It is very useful to be able to simultaneously measure these radionuclides on a real-time basis at a sensitivity which permits a fraction of the concentrations permitted by regulations to be observed. The instant invention does away with the long periods of time now required for the sample to be sent to a lab for analysis.
Within this patent application, an individual release of energy or matter from a radioactive nucleus will be termed as a particle or as radiation. Alpha (α) particles are particles that consist of two neutrons and two protons, and have a charge of +2. Beta (β) particles are used synonymously with electrons in most parts of this application. However, β particles include both β- and β+. β- denotes negatively charged electrons, while β+ denotes positively-charged electrons or positrons. Gamma (γ) particles are packets of energy. Gamma rays, γ particles, γ's, X-rays, and photons are used synonymously throughout depending upon the use and the nature of the events and items being described.
The interaction of a given particle in a particular layer is referred to as an interaction event, or simply as an event. When a prescribed pattern of interaction events is achieved, it is referred to as a count.
The instant invention has a very low background noise with the analysis unit because of its layered construction and the coincidence and anti-coincidence requirements that can be imposed in registering a count indicative of a specific radioactive constituent.
The invention can be constructed to provide a very large sensing area to further enhance sensitivity. The probe used in the instant invention enables distinguishing between β and γ radiation, and selective measurement of radionuclides which decay by β particle emission only based on their energy. The current method for measurement of radionuclides which emit only β particles involves chemical separations followed by counting the emitted β particles in the laboratories using shielded probes, while γ-decay radionuclides are measured by use of multi-channel analyzers. The instant invention will enable the distinguishing, on location, between β and α radiations, and enable real-time analysis.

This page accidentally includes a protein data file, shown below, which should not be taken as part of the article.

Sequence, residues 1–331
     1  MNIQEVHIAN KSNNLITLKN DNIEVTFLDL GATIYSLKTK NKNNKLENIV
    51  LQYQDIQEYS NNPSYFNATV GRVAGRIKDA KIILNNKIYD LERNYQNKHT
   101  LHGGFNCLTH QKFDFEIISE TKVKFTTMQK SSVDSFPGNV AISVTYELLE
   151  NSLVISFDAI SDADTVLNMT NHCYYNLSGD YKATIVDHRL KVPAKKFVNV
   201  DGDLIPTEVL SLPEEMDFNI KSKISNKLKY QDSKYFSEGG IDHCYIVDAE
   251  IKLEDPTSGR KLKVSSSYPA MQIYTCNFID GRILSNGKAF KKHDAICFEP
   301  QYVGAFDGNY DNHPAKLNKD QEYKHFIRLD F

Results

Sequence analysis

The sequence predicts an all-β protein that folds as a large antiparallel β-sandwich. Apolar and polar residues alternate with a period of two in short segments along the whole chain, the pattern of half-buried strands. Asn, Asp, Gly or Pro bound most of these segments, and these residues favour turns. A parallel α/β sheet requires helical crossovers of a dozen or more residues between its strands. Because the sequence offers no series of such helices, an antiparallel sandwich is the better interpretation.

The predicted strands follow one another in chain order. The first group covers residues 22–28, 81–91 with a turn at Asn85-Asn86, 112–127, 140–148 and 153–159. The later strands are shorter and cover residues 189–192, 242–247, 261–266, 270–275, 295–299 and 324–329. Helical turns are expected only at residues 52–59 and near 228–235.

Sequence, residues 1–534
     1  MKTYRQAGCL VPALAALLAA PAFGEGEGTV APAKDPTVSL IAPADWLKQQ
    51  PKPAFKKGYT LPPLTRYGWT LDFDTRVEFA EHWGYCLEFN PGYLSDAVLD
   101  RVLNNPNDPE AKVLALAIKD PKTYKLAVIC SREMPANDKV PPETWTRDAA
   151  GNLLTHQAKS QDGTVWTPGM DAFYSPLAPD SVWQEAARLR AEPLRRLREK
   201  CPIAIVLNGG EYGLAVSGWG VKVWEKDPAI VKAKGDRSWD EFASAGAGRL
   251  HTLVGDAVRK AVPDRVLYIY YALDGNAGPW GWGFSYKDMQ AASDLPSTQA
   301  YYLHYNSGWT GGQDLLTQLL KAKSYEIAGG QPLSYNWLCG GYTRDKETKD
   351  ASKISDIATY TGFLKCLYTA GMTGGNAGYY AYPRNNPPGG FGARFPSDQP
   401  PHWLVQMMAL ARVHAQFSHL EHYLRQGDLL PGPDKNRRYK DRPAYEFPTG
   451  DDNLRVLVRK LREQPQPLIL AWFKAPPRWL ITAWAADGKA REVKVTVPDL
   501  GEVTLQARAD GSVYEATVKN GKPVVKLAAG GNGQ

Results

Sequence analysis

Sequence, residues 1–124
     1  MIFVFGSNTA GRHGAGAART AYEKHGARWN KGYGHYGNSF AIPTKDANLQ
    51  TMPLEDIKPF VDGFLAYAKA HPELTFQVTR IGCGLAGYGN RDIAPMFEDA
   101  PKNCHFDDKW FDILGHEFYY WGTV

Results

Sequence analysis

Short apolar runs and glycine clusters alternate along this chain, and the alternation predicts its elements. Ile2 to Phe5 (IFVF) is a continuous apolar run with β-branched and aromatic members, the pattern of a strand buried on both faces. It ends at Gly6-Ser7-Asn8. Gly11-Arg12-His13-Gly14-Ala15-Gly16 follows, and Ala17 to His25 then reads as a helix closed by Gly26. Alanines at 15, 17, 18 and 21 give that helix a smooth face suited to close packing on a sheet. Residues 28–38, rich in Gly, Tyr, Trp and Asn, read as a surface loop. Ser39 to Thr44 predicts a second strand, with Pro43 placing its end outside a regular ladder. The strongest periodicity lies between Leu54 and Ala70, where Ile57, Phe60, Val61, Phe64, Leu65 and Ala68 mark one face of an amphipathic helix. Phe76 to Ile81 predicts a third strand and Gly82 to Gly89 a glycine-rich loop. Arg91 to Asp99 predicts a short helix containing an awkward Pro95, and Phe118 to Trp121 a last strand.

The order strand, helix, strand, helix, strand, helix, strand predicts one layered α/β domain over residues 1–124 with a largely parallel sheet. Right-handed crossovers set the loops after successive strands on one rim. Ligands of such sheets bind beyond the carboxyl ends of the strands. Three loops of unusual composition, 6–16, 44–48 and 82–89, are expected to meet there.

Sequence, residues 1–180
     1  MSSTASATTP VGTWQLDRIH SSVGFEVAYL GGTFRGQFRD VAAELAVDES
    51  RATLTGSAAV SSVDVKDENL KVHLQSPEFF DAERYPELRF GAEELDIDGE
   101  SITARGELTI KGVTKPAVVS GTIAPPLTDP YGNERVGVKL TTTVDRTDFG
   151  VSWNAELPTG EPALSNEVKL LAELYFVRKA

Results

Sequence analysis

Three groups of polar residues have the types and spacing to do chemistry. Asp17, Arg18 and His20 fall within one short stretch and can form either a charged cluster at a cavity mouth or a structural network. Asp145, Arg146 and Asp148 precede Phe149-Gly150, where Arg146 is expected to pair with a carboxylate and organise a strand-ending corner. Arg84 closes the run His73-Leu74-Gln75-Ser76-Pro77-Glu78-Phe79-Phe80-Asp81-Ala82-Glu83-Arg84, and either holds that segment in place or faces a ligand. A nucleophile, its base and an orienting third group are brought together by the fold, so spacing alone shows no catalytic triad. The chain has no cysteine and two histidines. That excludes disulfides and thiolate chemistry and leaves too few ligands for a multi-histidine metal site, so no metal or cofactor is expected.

The subject matter of the present invention is particularly pointed out and distinctly claimed in the concluding portion of this specification. However, both the organization and method of operation, together with further advantages and objects thereof, may best be understood by reference to the following description taken in connection with accompanying drawings wherein like reference characters refer to like elements.
FIG. 1 is a schematic representation of the invention position to analyze an earthen surface;
FIG. 2 is an isometric representation of the detection layers, the optical sensing assemblies, and the wiring connecting them;
FIG. 3 is an enlarged portion of the area of the first detection layer at the point of attachment of the optical sensing assemblies;
FIG. 4 is a cross section of an optical sensing assembly illustrating the fiber optical strands and the photomultiplier tube;
FIG. 5 is a block diagram that illustrates the analysis process of an α-induced signal received from the probe assembly;
FIG. 5a is a schematic representation of the invention positioned to analyze an earthen surface that contains an α-emitting radionuclide;
FIG. 6 is a block diagram that illustrates the analysis process of a β signal received from the probe assembly;
FIG. 6a is a schematic representation of the invention positioned to analyze an earthen surface that contains a β-emitting radionuclide;
FIG. 7 is a block diagram that illustrates the analysis process of a γ signal received from the probe assembly;